The year 2022 was further muddled as platforms including Facebook, YouTube and Instagram created copycat features to stay ahead of TikTok, as Digiday previously reported.
“With different social media platforms becoming more and more alike, we have found authentic experiences and a focus on community is the only type of content that breaks through the noise,” said Mei, adding that marketers need to adapt content to every platform — “not only in terms of media, but also making the content tone and aesthetic fit the medium.”
Silos lead to green shoots
Not all industry experts see these silos as a challenge. With the availability of more consumer information and targeted messaging strategies now commonplace on social media platforms, marketing experts say it is not difficult to target specific audiences.
“As long as marketers stay aware of what motivates audiences to use each platform, they shouldn’t find issue with reaching the specific audiences they hope to communicate with,” said Meyers Ferguson.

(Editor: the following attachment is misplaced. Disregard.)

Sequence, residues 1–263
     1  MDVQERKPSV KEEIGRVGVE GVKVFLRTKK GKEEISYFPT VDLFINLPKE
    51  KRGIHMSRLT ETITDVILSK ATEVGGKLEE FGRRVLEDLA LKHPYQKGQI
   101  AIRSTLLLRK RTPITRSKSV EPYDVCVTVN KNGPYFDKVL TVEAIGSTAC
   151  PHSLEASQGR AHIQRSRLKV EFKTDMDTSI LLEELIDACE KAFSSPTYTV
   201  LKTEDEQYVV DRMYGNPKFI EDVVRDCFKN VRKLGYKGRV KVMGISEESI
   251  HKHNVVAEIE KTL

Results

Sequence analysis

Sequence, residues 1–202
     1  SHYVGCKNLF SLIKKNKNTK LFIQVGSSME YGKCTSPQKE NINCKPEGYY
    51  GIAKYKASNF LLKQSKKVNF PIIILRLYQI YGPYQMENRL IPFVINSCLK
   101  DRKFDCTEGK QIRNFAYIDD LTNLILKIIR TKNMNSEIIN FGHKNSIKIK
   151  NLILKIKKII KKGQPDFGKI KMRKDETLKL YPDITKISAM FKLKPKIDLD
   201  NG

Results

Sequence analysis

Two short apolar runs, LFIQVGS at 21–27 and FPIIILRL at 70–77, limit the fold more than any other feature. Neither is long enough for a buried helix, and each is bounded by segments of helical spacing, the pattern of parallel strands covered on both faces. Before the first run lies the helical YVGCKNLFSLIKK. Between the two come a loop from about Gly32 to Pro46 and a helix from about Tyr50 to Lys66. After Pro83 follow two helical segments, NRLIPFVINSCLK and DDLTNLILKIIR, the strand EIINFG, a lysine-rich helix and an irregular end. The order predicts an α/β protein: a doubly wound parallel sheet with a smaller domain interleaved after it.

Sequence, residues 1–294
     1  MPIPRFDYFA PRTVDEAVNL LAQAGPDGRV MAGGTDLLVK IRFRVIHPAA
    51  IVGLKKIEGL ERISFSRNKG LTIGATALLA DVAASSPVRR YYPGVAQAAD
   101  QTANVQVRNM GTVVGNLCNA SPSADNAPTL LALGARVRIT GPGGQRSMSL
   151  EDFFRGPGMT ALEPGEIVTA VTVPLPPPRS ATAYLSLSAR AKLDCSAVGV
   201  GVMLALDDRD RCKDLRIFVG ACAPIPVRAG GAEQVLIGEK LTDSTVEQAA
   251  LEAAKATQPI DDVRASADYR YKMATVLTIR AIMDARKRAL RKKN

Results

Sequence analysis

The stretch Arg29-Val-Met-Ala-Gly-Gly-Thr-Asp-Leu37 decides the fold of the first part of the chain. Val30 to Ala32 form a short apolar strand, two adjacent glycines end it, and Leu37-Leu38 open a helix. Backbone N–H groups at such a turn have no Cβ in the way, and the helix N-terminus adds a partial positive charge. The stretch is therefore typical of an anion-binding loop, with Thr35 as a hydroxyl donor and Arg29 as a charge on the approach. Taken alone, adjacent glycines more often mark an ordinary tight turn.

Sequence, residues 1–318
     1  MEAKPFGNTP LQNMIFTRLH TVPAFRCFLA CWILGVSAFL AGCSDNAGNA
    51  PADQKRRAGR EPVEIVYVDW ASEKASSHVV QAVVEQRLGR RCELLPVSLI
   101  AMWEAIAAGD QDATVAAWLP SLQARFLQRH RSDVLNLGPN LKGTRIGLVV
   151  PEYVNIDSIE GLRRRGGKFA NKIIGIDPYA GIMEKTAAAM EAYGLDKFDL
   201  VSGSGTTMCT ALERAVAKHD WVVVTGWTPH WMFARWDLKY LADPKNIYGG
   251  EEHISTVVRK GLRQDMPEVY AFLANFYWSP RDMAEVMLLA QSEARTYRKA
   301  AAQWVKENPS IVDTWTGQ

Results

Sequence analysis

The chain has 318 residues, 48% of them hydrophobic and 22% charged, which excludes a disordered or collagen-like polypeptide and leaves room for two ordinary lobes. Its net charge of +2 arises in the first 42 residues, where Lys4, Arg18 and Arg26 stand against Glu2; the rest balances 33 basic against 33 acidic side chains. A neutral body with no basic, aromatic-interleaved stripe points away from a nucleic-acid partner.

The siloed effect could push the industry to embrace changing consumer insights and content trends, said Ksenia Kurganova, YouTube’s marketing manager based in Moscow City, Russia. This is especially true when it comes to Gen Z. “Marketers must scrutinize their audience’s natural habitats to reach Gen Z because each platform has different formats and content rules and fulfills different needs,” said Kurganova.
In addition to scrolling on social media while watching a movie or show, Gen Z also keeps their attention constantly engaged with a screen, which is an option that only digital natives really understand, said Erifili Gounari, founder and CEO of The Z Link, a Gen Z-led social media agency.
“It makes [Gen Zers] consume media more absentmindedly, and do more things at once but with less focus,” said Gounari.
However, brands must keep up with where Gen Z is, with the emergence of new social media platforms such as BeReal and Hive, despite the fact that those platforms haven’t gained much traction yet. As Kurganova said, “Brands should not limit themselves to one platform.”
More in Marketing
With the success of last weekend’s Six Invitational competition, video game publisher Ubisoft may have finally cracked the code to make esports a genuinely profitable venture for all involved.
It’s been a debate for years: How can performance and brand marketing co-exist to push sales and boost brand awareness or affinity simultaneously? It’s a question that Orangetheory Fitness is now asking itself after 14 years in business.
Blast’s expansion is an encouraging sign for the broader competitive gaming industry, particularly given the ongoing “esports winter.”